Tuesday, September 29, 2009
"I am reading 1 Samuel 15 for Omnibus today and I read that God regretted that he made Saul king over Israel. Since God ordained everything that takes place, how can this be real regret?"
What does a father say? With a big, thankful gulp, I offered a silent prayer of gratitude to a God who would bless me with a son who thinks while he reads and is not afraid to ask hard questions.
I grabbed my Bible and turned to 1 Sam 15. I then pointed out not only the verse at 1 Sam 15:35, but also 1 Sam 15:29. "Son, how can God not be able to regret and regret six verses later?"
Blank stare. The dawning recognition of a deeper complication. "I don't know."
I would have loved to just tell him what I believe. But I wanted him to go read it somewhere. Maybe that is still telling him, but it would be good for him to read someone other than me.
I sent him here.
Monday, September 21, 2009
Explanation: What is that strange arc? While imaging the cluster of galaxies Abell 370, astronomers had noted an unusual arc to the right of many cluster galaxies. Although curious, one initial response was to avoid commenting on the arc because nothing like it had ever been noted before. In the mid-1980s, however, better images allowed astronomers to identify the arc as a prototype of a new kind of astrophysical phenomenon -- the gravitational lens effect of entire cluster of galaxies on background galaxies. Today, we know that this arc actually consists of two distorted images of a fairly normal galaxy that happened to lie far behind the huge cluster. Abell 370's gravity caused the background galaxies' light -- and others -- to spread out and come to the observer along multiple paths, not unlike a distant light appears through the stem of a wine glass. In mid-July, astronomers used the just-upgraded Hubble Space Telescope to image Abell 370 and its gravitational lens images in unprecedented detail. Almost all of the yellow images pictured above are galaxies in the Abell 370 cluster. An astute eye can pick up many strange arcs and distorted arclets, however, that are actually images of more distant galaxies. Studying Abell 370 and its images gives astronomers a unique window into the distribution of normal and dark matter in galaxy clusters and the universe.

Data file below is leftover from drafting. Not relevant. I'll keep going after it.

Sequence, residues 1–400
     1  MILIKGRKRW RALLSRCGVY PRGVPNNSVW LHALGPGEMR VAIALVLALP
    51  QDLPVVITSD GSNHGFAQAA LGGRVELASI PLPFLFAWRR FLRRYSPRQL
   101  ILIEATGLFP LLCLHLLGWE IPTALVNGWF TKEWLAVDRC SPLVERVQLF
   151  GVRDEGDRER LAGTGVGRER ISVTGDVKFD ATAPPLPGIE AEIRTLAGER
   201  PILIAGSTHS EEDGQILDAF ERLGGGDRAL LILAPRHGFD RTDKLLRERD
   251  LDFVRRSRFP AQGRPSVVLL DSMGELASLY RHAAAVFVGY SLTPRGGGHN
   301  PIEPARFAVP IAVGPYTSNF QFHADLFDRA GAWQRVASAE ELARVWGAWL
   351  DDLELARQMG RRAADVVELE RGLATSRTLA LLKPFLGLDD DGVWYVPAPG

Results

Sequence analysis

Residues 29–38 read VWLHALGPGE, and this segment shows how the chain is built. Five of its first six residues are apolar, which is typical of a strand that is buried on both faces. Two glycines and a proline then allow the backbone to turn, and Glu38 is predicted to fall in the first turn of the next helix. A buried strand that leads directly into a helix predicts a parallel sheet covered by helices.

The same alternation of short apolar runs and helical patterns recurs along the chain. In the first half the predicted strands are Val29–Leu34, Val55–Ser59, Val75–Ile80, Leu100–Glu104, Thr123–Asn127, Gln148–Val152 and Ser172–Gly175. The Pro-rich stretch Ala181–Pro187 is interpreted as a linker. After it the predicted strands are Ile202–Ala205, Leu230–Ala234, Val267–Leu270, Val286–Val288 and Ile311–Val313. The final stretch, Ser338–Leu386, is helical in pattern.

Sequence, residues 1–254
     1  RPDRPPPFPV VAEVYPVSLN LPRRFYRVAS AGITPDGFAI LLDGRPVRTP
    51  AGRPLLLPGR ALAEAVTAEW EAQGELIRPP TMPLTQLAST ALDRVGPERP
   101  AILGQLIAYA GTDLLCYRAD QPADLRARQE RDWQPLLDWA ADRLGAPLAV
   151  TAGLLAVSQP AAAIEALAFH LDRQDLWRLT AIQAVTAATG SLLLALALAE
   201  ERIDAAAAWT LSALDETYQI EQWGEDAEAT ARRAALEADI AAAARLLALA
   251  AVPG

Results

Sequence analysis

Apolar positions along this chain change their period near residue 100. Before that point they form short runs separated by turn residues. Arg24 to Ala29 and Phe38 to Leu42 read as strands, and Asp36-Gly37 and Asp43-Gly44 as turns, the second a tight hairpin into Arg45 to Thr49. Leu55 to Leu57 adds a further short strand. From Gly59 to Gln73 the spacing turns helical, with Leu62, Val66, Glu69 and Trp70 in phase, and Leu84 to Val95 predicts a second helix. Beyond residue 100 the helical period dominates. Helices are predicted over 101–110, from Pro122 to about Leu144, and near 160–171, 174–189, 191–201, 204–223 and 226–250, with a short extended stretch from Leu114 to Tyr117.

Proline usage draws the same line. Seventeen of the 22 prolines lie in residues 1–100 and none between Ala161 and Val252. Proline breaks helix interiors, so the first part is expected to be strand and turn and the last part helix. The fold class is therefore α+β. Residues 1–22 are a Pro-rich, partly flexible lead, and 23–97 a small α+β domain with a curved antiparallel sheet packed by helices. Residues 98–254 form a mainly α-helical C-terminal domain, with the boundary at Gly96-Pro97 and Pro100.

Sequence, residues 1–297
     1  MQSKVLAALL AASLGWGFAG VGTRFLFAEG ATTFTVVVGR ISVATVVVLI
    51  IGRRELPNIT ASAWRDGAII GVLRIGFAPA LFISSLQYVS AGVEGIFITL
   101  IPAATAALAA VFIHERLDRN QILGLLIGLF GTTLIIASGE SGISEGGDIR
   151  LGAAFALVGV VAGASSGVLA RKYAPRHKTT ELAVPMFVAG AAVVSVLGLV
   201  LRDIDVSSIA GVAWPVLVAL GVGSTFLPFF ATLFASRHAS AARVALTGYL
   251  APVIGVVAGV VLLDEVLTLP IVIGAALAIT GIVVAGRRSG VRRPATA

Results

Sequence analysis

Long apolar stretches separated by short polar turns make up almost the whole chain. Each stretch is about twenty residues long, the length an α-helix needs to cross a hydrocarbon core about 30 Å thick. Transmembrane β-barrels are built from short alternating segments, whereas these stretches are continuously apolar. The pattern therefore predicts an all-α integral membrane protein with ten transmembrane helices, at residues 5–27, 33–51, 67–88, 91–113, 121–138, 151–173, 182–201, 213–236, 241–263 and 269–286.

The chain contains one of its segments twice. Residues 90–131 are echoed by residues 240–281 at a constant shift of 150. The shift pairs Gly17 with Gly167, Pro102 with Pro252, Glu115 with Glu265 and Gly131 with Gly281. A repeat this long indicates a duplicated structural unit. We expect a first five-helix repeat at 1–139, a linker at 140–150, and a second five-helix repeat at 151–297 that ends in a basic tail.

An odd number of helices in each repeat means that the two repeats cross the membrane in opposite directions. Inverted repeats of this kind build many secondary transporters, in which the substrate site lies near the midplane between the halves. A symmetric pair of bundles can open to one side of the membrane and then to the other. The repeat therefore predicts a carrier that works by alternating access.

Wednesday, September 09, 2009
Credit & Copyright: Joshua Bury
Explanation: As the Earth spins on its axis, the sky seems to rotate around us. This motion, called diurnal motion, produces the beautiful concentric trails traced by stars during time exposures. Partial-circle star trails are pictured above over Grants Pass, Oregon, USA last month. Near the middle of the circles is the North Celestial Pole (NCP), easily identified as the point in the sky at the center of all the star trail arcs. The star Polaris, commonly known as the North Star, made the very short bright circle near the NCP. About 12,000 years ago, the bright star Vega was the North Star, and in about 14,000 years, as the Earth's spin axis slowly continues to precess, Vega will become the North Star again.